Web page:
Always get medical help for your child if you think something’s not right

As a parent or carer, you know your child better than anyone. That is why it’s important to get medical help if you think your child is unwell or you are worried about them.

Dr Patience Okorie
Dr Patience Okorie

Research has shown that nearly half of the public have had concerns about seeking help from the NHS during the coronavirus pandemic.

Some have been worried about the risks of catching the virus and others have not wanted to be a burden on the health service.

While the NHS across Sussex has been working hard to manage coronavirus, it has also been making sure that people can access essential services safely when they are needed.

Get the right care for your child

Dr Patience Okorie, Clinical Lead for the Clinical Commissioning Groups across Sussex, said: “We want to make sure that parents and carers know they can still use all the normal services to get help for their child while we’re dealing with the pandemic.

"GP practices, NHS 111, A&Es and urgent treatment centres are still open for patients to use. If your child is unwell or you are worried about them, you should still call your GP or, if it is out of hours, contact NHS 111 on the phone or online.”

GP practices across Sussex have changed the way they work to ensure that patients remain safe and get the care they need during the coronavirus pandemic. Additional safety measures protect patients and staff, with initial telephone and online assessments to enable practices to prioritise appointments for those most in need.

Those who need GP appointments are still being asked to contact their surgeries as normal for care and not to attend their practice without an appointment.

Mohammed and Huma Abbas

To help prevent the spread of the disease, you must not attend your GP surgery if you think you or your child might have coronavirus. You should call them or contact NHS 111 instead.

A&E departments and urgent treatment centres also remain open for serious or life-threatening emergencies. After a big fall in the number of people visiting A&E at the start of the pandemic, they are much busier again now, particularly as some of the lockdown restrictions are eased.

“We’re still seeing lots of children coming in with the usual concerns such as asthma, appendicitis and injuries,” said Dr Emily Walton, consultant in the children’s emergency department at the Royal Alexandra Children’s Hospital in Brighton.

“It’s important to stress that although the NHS is working hard to respond to coronavirus, we’re still here for other emergencies and urgent care if you need us.

“If parents of young children suspect something is wrong, it’s important they seek the appropriate medical help.”

Babies and children should also continue to have routine vaccinations if they are due.

“They’re so important to protect against serious and potentially deadly illnesses and stop outbreaks in the community, such as measles, mumps and meningitis,” said Dr Okorie.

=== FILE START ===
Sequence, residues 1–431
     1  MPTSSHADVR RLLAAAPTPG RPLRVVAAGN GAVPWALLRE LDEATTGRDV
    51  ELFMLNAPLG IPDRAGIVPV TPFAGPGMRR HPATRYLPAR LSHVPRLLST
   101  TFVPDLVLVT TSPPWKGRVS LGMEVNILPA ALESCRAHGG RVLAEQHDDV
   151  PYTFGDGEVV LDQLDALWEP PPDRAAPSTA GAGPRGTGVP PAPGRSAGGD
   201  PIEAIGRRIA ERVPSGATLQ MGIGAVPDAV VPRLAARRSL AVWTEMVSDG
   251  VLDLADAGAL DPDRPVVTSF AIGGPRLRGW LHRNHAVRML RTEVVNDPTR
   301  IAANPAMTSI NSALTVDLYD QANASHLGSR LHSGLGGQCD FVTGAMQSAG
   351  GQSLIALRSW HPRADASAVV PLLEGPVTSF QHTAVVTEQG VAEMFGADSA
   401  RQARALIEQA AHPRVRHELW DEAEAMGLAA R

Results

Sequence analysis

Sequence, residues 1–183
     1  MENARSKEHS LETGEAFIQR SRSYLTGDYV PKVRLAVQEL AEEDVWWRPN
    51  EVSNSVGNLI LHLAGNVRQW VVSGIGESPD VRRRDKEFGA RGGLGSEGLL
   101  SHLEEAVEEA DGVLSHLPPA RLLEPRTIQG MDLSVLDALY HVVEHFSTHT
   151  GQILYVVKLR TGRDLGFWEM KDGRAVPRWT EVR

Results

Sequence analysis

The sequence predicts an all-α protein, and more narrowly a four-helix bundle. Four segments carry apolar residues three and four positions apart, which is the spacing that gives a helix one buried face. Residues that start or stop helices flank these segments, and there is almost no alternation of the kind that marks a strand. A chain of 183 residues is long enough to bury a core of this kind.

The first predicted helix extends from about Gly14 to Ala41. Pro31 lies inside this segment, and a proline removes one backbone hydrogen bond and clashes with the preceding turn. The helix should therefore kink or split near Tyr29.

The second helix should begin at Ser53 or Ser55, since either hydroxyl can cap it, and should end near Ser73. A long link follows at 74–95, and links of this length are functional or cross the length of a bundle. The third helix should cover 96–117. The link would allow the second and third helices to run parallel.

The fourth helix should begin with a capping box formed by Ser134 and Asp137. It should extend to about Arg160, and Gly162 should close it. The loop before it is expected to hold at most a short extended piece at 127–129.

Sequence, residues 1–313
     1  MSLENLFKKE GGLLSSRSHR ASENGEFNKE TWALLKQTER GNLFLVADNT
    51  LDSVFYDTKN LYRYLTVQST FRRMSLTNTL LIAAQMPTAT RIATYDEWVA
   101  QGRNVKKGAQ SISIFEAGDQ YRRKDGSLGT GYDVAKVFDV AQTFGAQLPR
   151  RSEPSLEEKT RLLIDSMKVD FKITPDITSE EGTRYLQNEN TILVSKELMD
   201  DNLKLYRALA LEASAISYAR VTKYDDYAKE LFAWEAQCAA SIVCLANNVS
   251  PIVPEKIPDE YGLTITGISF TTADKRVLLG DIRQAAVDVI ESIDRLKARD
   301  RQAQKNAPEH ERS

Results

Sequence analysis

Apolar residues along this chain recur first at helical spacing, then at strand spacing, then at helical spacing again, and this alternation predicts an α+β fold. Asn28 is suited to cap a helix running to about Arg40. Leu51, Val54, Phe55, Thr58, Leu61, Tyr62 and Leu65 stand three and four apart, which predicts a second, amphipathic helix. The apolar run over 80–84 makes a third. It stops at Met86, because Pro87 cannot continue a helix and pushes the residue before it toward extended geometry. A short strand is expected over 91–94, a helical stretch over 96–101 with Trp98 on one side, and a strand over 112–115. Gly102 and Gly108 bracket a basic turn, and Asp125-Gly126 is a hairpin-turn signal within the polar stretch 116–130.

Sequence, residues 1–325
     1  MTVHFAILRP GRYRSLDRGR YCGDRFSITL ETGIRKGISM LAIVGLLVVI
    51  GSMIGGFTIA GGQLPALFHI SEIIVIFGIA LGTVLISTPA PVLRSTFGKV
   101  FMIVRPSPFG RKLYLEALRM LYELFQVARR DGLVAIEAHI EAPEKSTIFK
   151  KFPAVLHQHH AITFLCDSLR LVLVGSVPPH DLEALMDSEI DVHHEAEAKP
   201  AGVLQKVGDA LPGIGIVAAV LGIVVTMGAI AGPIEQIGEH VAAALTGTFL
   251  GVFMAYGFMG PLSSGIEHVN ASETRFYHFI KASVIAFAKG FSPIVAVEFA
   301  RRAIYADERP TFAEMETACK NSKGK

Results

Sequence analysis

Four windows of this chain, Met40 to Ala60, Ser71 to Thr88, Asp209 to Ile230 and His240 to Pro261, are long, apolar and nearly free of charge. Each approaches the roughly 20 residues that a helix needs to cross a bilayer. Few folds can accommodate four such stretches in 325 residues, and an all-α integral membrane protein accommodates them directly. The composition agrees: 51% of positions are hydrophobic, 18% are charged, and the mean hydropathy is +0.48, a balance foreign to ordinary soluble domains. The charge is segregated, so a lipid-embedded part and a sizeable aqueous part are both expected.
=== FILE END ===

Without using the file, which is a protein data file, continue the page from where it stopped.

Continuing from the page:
If the child needing vaccination has coronavirus symptoms, or someone in their household has symptoms, you should contact you GP for advice first.

“Professional advice from the comfort of our home”

Teyyiba Abbas was concerned when her two children, Mohammed (4) and Huma (6), both developed a nasty cough at the start of June.

She said: “It started as a dry cough and then went to their chests. They didn’t have any other symptoms of coronavirus, but the cough wasn’t going away and I wanted to get them checked out.”

She wasn’t sure if she’d still be able to make a GP appointment and called her surgery for advice.

“They were great. The receptionist said the doctor would call me back. A little later I got a call from my GP who asked a few questions about the children, their cough and whether they had a fever, which they didn’t.

“She said she didn’t think it was anything to worry about, but wanted to see them so she could assess them properly.”

Teyyiba’s GP then texted a link to her phone which opened up a private video call.

“She chatted with the children,” explained Teyyiba, “and checked they had no difficulty breathing. She reassured me that from what I had told her, and from seeing the children herself, that there was nothing to worry about. She talked me through the medicines and care I could give them at home.”

Mohammed and Huma were quickly back to full health and Teyyiba is full of praise for the help she received from her GP surgery.

She said: “It was brilliant to be able to get that professional care and advice all in one day, on my phone, from the comfort of our own home.”

Looking after a poorly child

Most children who are poorly bounce back quickly. But it’s important to keep an eye on them and there’s lots you can do to help them on the road to recovery.Check your child during the night to make sure they aren’t getting worseOffer your child regular drinks. For breastfeeding babies, breast milk is bestIf a rash appears, do the ‘glass test’ (see below)Children with a temperature should not be under- or over-dressed.

Using painkillers

If your child is distressed or very unwell you may use paracetamol or ibuprofen to help them feel more comfortable.Read the instructions on the bottle to check the right dose and frequencyDon’t give both paracetamol and ibuprofen at the same time. Give one and, if your child has not improved after 2-3 hours, try the otherYour pharmacist can give you advice about medicines for your child.

The ‘glass test’

Do the ‘glass test’ if your child has a rash. Press a glass tumbler firmly against the rash. If you can see the spots through the glass and they do not fade as you press the glass on to the skin, seek medical advice immediately or call 999. The rash may be harder to see on dark skin, so check paler areas such as palms of the hands, soles of the feet and tummy.